Monday, November 23, 2009

Trans-Siberian Orchestra - Night Castle


Trans-Siberian Orchestra has a well-deserved reputation for blending hard-driving metal rock with symphonic classical music into something glorious for the holidays. As a fan, I count The Christmas Attic as one of my favorite CDs. The first thing I had to do however, when reviewing this double CD was to overcome the disappointment that this wasn't that long-anticipated and hoped-for (five years) Christmas album from a group that knows how to make the holidays, well… magnificent.

If you’re looking for the perfect gift for a heavy metal/acid rock fan; this is it.

I should warn you ahead of time however, that it is very hard for a great musical group to top themselves once they’ve released something incredible. The best example of this would be Fleetwood Mac’s “Rumours” album in 1977 making them superstars. In an attempt to keep their fans happy and “top themselves” the band released an over-bulked double album entitled “Tusk,” in 1979, which promptly fell on its face. In attempt to avoid FM’s example, Trans-Siberian Orchestra has become afraid of losing or not living up to its own notoriety. In the process of trying to top themselves, TSO has become guilty of over-producing, over-repeating, over-creating and over-performing themselves, and possibly worst of all over-confidently forsaking the format that made them famous to begin with.

Band leader Paul O’Neil apparently has never been told that too much of a good thing will sometimes give you a stomach ache, because the net effect here is that the instrumentals, vocals, and over-extended story are so over-perfected as to have become too sterile to be touched by human hands.

The simple, yet beautiful tale of a young girl and her grandfather’s castle on the beach has been bulked up into a mini-novel encompassing a 66-page booklet that is required reading if you have any hope of understanding the story. The tale is extended across two CDs in lead vocals that are drenched, inundated and over saturated with anguish, pain, anger, resentment and righteous indignation… in other words-opera on a triple overdose of steroids. Some songs are extended long after their usefulness by screaming guitar riffs competing with drum solos competing with vocal yodeling appropriate for live albums… but not here.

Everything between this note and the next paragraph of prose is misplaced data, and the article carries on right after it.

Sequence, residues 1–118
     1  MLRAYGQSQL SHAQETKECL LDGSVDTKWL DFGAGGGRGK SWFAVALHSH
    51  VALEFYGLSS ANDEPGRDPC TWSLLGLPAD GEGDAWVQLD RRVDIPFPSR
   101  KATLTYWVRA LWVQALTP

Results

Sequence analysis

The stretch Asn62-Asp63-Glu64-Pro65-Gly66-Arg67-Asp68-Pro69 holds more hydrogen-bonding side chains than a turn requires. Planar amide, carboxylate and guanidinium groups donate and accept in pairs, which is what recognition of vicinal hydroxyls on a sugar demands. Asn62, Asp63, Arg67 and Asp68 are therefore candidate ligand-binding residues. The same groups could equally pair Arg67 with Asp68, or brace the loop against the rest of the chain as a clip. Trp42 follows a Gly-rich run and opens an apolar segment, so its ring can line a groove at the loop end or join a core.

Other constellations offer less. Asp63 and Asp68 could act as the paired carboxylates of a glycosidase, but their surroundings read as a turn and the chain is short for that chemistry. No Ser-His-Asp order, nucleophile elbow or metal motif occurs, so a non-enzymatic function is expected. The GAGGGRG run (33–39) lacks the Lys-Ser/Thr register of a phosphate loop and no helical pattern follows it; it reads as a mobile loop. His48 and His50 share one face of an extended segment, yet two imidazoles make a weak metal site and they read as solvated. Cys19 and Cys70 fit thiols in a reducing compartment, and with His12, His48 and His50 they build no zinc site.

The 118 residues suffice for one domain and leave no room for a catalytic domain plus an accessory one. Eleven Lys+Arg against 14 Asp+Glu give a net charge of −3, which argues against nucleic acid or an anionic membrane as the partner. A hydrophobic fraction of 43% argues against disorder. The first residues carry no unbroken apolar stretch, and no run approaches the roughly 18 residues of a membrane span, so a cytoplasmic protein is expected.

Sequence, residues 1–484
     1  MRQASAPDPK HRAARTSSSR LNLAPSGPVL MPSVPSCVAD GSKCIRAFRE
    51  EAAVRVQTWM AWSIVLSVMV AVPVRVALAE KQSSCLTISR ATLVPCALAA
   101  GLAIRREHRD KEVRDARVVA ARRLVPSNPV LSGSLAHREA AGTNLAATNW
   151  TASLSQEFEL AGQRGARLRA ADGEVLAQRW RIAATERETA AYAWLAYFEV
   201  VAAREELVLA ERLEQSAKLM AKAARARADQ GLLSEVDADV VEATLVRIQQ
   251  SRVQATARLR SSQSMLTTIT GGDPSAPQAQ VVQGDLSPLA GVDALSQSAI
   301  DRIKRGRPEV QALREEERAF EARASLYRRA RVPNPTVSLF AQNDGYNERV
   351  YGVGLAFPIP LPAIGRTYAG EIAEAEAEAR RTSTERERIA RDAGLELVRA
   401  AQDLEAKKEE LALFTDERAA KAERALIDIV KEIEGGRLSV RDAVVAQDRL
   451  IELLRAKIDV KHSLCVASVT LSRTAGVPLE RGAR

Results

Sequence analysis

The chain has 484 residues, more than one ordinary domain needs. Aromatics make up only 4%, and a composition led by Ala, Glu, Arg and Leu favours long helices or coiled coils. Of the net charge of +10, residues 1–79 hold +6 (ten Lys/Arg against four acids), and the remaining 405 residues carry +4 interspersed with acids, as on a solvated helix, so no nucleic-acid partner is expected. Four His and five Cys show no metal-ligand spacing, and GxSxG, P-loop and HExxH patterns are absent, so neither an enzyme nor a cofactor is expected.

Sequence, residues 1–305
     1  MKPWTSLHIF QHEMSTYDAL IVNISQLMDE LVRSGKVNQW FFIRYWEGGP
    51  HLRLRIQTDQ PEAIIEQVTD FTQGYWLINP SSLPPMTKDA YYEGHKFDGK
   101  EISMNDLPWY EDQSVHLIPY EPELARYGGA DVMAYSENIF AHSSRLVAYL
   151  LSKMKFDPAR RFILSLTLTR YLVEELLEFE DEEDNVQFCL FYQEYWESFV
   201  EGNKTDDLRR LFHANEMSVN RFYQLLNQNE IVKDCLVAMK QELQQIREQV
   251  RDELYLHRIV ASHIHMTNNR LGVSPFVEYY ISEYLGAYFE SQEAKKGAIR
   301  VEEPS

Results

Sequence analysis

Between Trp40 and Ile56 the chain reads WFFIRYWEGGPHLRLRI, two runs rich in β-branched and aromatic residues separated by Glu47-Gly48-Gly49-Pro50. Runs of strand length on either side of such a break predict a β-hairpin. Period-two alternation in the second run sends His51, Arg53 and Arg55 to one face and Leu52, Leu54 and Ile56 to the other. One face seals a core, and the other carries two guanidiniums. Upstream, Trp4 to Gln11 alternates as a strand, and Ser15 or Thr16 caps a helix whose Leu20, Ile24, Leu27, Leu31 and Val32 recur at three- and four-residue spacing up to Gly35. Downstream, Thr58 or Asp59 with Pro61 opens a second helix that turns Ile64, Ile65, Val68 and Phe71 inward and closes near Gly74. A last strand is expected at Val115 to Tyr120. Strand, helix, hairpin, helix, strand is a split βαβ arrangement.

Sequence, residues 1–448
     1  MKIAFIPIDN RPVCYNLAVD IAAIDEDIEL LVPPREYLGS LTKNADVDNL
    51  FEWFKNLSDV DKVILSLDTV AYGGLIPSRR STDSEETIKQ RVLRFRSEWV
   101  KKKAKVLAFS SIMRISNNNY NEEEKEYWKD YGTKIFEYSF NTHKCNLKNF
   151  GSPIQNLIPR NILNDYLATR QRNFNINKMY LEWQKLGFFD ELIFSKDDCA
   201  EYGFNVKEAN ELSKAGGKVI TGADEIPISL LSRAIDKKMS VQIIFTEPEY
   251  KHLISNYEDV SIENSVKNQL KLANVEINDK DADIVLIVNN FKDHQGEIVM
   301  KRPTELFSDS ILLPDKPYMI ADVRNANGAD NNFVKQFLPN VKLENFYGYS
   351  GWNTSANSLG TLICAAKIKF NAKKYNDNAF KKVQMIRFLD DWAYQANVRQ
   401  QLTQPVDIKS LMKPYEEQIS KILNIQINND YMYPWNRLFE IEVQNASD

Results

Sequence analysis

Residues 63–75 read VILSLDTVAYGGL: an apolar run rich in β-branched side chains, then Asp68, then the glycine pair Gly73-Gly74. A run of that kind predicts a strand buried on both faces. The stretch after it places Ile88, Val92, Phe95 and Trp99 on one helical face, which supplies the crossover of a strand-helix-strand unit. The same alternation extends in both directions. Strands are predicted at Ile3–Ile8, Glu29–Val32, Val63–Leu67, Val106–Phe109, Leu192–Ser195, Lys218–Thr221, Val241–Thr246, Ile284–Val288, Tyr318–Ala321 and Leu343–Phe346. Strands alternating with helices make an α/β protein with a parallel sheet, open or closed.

Even worse, in an attempt to outthink themselves, TSO has compartmentalized their performances so that rock and classical genres are presented equally but separately, with the two seldom blending, forsaking their own claim to fame.

Then there are the glorious sound effects. The helicopter flyover for no apparent reason other than that it sounded good. There is the storm that invades, inhabits and tests every speaker in the room, or places the gale within your mind via a good set of headphones. The wind storm rivals those contained in Alan Parson’s “The Fall of the House of Usher,” or The Door’s “Riders on the Storm," but then it’s all wasted on a magnificent, yet bastardized and savaged version of Savatage’s version of "Hall of the Mountain King”

In other words Night Castle is so magnificent that after about track 7 of this 26 track work, it becomes tedious. The magnificent electric guitar performances are so perfect; they appear to be done by computer with a mechanical precision with some riffs repeated repeatedly as accurately as the first. There are magnificent choral arrangements too inconceivable to be performed by human voices, and programmed magnificent synthesizer meticulousness that outclasses any keyboardist alive. In short the musicians have perfected their parts to the point of being sterile and robotically devoid of human expression.

In conclusion, this magnificent collection is like that sixth serving of rich and chocolate mousse that your great Aunt Margaret proudly insists with a loving smile that you finish up; it’s worth the lip-smacking anticipation on the drive over, it’s worth waiting for all through dinner, it’s delicious chocolate comfort food is worth dipping your spoon into the first, second and third serving, but after that…

There are eight pages devoted to bandmember credits on this double CD. Some tracks have double or triple personnel on each instrument. On some tracks there are seven vocalists and twenty-nine back-up vocals... and that's not including several choirs and a multitude of guest appearances. The core of the band is the writer, producer and guitarist Paul O’Neil who gave a good effort, but tried too hard here.
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©-2009 by Jet Gardner/

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